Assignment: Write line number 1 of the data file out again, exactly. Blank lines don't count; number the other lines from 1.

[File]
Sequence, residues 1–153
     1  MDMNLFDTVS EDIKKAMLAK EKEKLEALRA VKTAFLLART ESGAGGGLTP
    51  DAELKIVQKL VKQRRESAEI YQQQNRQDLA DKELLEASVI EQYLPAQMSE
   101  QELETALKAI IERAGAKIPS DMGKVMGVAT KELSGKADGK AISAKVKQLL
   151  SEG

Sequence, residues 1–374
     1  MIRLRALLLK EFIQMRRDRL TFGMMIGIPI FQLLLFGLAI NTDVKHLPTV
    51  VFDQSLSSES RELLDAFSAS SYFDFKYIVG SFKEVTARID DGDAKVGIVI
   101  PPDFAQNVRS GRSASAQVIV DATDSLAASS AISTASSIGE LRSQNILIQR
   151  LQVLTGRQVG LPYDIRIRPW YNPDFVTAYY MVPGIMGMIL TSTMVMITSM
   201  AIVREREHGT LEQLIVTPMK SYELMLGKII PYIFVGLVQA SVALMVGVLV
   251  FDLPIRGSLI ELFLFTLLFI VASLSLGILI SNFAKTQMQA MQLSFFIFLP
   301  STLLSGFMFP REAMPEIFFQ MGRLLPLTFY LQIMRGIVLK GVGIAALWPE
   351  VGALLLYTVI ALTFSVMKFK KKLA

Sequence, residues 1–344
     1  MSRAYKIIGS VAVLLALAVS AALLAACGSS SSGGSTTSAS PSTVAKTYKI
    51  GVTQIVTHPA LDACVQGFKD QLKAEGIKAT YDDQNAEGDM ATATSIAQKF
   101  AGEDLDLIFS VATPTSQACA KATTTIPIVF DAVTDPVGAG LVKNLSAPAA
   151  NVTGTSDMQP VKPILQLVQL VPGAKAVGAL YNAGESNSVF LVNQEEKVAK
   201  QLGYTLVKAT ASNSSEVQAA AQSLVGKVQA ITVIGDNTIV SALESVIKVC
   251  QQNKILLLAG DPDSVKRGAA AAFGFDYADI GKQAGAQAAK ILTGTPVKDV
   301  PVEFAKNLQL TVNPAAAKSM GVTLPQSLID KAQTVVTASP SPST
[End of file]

Sequence, residues 1–153